Pritchett does something very unusual in his paper. He analyzes economic transitions -- say, from low growth to high growth -- in the same way a spectroscopist analyzes atomic transitions. The analogy is a little complicated, so bear with me. In emission spectroscopy, light is given off when an electron in an excited atom moves from a higher energy state to a lower energy state. The frequency of the light is proportional to the energy difference, so if you measure one, you can determine the other. In days of old, this was done by measuring a fine ruler against the light's projected spectrum; hence the name, spectroscopy. While there are an infinite number of energy states in an atom, they're like rungs on a compressed ladder, with the uppermost levels kind of smearing into each other, but the lower ones remaining discrete. This means that not all frequencies of light are going to be emitted when an atom is excited, say in a vacuum tube, which is why neon lights are red, and not white, which would be a mix of many different frequencies. From this thumbnail description, you might think an electron could hop from any rung to any other. But it turns out even in the simplest atom, some hops -- some transitions -- are very very unlikely, or 'forbidden', for reasons based on the rules of quantum mechanics. These can be seen (or not seen, as the case may be) via spectroscopy. Upshot: by analyzing an atomic spectrum, one can determine an atom's internal quantum structure. So far so good. Pritchett is attempting to come up with a generalized model of growth, the world economy's equivalent of its quantum structure, by analyzing the pattern of its economic transitions. Yearbooks are his spectroscope. He comes up with six "growth states", analogous to energy levels in an atom: technological leadership with steady growth; subsistence economies with zero growth, or the poverty trap; nonconvergent moderate growth; rapid growth; growth implosion; and non-poverty zero growth, or stagnation. From these, he constructs a six-by-six grid, or in the jargon, a transition matrix. One side of the grid is the before axis, the other is the after axis. It's like a logic puzzle, or a dice chart. After analyzing the historical data on the grid, it turns out that some economic transitions just plain don't happen. In the jargon, they're forbidden. Growing technological leaders don't implode, moderate growth doesn't ever turn into technological leadership. Also, the grid is not symmetrical. Some transitions don't occur in reverse. Pritchett assigns numbers to this grid to come up with a five-by-five probability matrix -- or actually, a four-by-four one, and an assumption that once you are a growing technological leader, you will remain so. The four remaining categories are stagnation, implosion, plateau, and boom (he merges the stagnant and the subsistence poverty trap categories together). After a lot of implied tweaking, he came up with a set of results that fit the world situation from 1870 to 1995. I'd be amiss if I didn't provide them to you. In Pritchett's model, if you start off as a country in economic stagnation, you have an 88.5% chance of remaining stagnant the next year, a 10% chance to implode even further, a 1.05% chance to hit a plateau of moderate growth, and a 0.45% chance to boom. If you are a country that is imploding, there is a 40% chance that you will recover to stagnation, and a 60% chance that you will implode even further. If you are a country experiencing a moderate plateau of growth, you have but a 10% chance of stagnating in the next year, an 80% chance of maintaining your plateau, and a 10% chance of an economic boom. And finally, if you are a country in a boom, you have a 10% chance of dropping down to a moderate plateau, and a 90% chance of keeping that boom going another year. I leave the long-term behavior of this probability matrix as an exercise for the reader. What does this say about the underlying factors of growth? Well, Pritchett isn't sure:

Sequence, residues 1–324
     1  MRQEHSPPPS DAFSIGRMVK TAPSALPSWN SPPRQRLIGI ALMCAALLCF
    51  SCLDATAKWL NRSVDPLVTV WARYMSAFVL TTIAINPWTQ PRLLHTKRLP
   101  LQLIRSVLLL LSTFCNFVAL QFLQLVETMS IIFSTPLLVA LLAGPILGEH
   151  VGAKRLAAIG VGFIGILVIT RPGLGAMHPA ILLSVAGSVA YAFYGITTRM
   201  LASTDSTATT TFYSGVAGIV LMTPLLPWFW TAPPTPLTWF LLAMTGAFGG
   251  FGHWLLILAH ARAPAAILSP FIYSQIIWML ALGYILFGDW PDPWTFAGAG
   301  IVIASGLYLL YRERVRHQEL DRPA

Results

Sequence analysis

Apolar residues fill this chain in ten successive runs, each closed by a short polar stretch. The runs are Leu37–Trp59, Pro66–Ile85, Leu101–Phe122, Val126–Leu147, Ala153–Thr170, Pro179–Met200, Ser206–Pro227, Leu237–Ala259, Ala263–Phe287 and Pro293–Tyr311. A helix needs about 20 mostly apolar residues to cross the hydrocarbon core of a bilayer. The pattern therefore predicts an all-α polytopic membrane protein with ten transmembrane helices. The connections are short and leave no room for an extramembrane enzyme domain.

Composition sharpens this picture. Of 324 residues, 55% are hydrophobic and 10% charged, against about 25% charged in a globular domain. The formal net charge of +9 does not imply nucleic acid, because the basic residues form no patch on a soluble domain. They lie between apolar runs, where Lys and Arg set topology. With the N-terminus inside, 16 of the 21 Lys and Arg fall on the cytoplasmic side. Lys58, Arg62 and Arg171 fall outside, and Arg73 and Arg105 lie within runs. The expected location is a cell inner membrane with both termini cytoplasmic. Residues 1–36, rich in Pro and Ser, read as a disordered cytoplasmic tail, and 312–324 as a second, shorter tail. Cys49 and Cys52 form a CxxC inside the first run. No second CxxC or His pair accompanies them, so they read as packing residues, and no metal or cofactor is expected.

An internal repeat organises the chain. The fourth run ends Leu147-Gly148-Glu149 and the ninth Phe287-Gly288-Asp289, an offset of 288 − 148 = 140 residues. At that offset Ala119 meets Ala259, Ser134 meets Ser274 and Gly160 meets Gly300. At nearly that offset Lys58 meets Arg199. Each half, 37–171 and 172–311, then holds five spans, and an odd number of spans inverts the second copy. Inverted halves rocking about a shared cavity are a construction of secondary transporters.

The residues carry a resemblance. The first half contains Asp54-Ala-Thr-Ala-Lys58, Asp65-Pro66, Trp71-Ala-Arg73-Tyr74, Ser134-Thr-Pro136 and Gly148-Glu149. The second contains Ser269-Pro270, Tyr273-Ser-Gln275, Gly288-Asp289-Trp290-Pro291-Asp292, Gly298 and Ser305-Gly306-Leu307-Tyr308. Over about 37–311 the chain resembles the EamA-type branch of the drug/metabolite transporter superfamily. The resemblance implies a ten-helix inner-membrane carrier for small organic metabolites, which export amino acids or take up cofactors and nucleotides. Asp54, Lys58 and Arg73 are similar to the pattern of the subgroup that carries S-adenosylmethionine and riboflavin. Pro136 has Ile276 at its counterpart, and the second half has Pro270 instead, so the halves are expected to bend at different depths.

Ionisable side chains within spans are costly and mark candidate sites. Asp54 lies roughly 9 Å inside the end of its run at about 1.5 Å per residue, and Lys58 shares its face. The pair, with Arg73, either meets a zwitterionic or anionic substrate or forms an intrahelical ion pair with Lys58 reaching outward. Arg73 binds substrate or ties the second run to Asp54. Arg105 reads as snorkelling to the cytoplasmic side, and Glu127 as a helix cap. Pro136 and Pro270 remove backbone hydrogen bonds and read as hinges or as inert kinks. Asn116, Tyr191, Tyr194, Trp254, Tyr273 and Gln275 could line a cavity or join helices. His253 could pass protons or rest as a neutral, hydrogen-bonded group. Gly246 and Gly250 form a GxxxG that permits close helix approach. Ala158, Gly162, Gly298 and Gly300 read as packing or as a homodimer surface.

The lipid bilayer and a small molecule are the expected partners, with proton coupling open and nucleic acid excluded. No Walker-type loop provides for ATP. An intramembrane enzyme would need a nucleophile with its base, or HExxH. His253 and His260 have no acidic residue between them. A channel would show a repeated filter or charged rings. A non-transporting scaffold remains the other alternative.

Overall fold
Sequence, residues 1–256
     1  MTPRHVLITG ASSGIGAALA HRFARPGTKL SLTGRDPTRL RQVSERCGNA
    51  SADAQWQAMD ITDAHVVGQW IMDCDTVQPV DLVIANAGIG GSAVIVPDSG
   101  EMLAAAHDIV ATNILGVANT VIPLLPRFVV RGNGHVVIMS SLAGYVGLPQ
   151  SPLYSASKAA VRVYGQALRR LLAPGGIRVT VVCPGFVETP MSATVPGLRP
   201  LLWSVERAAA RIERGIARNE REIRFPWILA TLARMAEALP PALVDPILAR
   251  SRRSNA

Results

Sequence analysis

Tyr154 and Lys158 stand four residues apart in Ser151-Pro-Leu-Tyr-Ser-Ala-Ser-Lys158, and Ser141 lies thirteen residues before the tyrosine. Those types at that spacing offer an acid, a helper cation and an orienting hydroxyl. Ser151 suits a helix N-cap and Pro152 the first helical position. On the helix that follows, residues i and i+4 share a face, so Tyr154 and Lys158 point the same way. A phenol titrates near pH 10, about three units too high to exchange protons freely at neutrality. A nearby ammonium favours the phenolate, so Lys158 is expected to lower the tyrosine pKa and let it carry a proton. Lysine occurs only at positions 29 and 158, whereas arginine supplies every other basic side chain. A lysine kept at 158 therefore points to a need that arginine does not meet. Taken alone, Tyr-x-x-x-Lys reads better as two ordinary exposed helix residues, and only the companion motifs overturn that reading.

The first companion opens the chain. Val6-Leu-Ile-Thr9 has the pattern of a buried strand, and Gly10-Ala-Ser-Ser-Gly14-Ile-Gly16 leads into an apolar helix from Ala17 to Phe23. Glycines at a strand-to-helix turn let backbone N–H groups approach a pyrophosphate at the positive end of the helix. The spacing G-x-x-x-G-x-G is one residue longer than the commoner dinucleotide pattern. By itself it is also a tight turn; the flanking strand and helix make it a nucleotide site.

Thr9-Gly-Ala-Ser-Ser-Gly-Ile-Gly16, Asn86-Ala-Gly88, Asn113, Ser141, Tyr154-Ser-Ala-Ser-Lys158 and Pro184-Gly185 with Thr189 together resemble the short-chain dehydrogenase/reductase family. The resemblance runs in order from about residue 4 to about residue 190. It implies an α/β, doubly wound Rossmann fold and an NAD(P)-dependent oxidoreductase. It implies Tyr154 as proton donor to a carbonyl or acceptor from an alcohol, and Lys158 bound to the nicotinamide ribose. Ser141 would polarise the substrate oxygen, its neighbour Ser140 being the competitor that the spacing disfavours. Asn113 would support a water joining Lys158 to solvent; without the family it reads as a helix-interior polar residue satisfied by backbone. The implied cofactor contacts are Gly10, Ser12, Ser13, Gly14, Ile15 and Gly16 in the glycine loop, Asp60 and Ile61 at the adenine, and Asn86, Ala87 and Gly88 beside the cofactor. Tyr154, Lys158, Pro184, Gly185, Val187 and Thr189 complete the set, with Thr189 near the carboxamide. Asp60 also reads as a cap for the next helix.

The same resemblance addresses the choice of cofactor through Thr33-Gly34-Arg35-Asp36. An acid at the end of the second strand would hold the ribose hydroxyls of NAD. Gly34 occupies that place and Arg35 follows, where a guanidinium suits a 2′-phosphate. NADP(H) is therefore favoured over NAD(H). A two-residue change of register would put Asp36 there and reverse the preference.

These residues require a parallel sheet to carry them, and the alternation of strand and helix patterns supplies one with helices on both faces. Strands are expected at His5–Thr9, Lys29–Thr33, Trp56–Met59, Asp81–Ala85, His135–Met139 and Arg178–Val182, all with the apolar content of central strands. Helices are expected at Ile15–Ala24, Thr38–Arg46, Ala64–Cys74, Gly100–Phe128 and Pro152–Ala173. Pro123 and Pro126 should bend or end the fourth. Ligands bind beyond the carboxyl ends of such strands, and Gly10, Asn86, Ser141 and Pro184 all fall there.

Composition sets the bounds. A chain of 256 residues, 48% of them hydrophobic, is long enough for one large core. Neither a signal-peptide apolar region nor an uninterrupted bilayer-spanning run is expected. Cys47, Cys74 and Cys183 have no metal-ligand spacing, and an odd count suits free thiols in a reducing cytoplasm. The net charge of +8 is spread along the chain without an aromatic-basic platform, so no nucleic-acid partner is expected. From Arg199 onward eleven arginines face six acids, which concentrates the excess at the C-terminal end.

After this low growth persists for an extended period, then it is not clear how one escapes this "non-poverty trap, low or zero growth" state into a rapid (or at least moderate) growth. If the problem is systemic uncertainty -- that is, uncertainty about economic prospects and performance under the system of institutions as operating -- it is not clear that individual, piecemeal economic reforms, even cumulated, can shift the growth state. [...] I have attempted to make some progress, not in producing such a model, a task for another day, but in producing what such a model will produce.But it sounds like an interesting start.